An energy drink ad currently airing asks, “What if people had a battery-level icon, like on your phone?” as we see an assortment of people dressed for the office, navigating a city sidewalk, each with their own percentage level, most green, some red and running out. “You’d see a lot of us walking around,” the voice-over continues, “in need of a recharge.” The beverage is then presented as a kind of lightning-fast charging cable for the body.

The ad’s gimmick plays not only to the fantasy that our life force can be captured in some simple unidimensional measure and actively managed but also to the broader, more insidious notion that people should function like phones. The expectations we have for our devices saturate our expectations of others (whether they are friends, family, service workers, or robots) and ultimately ourselves. We should be capable of handling any task we’re hired for, moving seamlessly from one interface to the next, from one application to another, for as long as required. If we can’t, we need to “recharge” ourselves: to find the right drug combination or exercise regimen, or else to sit ourselves out for precisely as long as we need to get back to 100 percent. The idea that we are anything other than self-sufficient and energy independent is suspended for a fantasy of instrumental control.

Digital networks and resources can give the illusion of accessibility — if anyone can access nutritional guidelines, for instance, anyone should be able to follow them. This incorrect notion produces a moral residue: If anyone can “do it” — be healthy and attractive and alert and prepared to capitalize on any opportunity — than to not do it is a moral failing. We might recognize illness as no-fault but also censure any “failure” to treat it according to social protocols.

Self-optimization becomes a form of piety: privatized labor of personal responsibility as public good. This plays out as a commitment to efficiency, as in “if you’re not optimizing your life for the benefit of your work (whether or not that work helps anyone other than your employer) you are dead weight” — a drain on other people’s material and emotional resources. If work is life, then professional imperatives are moral imperatives too. This portends a condition in which health is indistinguishable from productivity.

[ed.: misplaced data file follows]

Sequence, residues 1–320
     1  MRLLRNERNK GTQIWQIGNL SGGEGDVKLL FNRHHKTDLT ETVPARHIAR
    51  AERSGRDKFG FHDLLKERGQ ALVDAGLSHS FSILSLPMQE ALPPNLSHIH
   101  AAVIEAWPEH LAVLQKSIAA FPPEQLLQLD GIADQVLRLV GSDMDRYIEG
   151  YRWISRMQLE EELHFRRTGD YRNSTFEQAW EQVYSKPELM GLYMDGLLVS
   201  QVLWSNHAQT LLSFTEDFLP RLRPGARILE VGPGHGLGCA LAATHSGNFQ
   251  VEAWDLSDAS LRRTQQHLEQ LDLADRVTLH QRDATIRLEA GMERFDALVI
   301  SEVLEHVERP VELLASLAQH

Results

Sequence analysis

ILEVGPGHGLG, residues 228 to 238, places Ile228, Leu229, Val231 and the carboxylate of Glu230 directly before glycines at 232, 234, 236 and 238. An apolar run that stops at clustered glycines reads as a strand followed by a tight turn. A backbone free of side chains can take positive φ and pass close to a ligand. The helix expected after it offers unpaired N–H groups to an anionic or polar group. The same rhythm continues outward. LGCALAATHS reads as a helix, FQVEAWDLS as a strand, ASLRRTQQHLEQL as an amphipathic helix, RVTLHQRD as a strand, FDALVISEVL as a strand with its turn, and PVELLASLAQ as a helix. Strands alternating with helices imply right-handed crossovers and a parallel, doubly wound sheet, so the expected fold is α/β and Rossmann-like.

This week, Rebecca O’Dwyer writes about the proliferation of sobriety apps and how these work to redefine the concept. Removed from the context of addiction, sobriety is recast as a wellness practice, like fad dieting, and brought in line under the discourse of self-betterment. By this thinking, one can be “sober” even while taking drugs like ayahuasca or LSD to increase creative potential, as “sobriety” is recast as a state of readiness for work.

What’s at stake isn’t personal health and happiness, let alone collective well-being, but rather employer demands for output. As Alex Beattie writes, “disconnectionism recodes self-care as the maintenance of a normative level of productivity, with social media diets and the like serving as ascetic rituals of discipline and focus.” The “digital detox” isn’t recommended so much as a means of fulfillment or engagement with life but as a management strategy for maintaining productive focus. The demonization of distraction functions as an alibi for the employer cooptation of attention.

As social supports are being dismantled and jobs are scarce and often poorly paid, seeming anything less than 100 percent committed to working whenever begins to seem risky. To let oneself go is to lose crucial competitive advantage, which is increasingly conflated with a kind moral and physical unfitness. As O’Dwyer points out, the preoccupation some have with the minutiae of their consumption has a superstitious cast. Obsessive self-care is the flipside of self-destruction: Both can provide the illusion of control over life’s injustices and unpredictable pains, a sense of agency — as if we always get what we choose and what we deserve.

Featuring:

“Straight Edge,” by Rebecca O’Dwyer

“Out of Network,” by Alex Beattie

 


Thank you for your consideration. Visit us next week for Real Life’s upcoming installment, CURSES AND HAUNTS.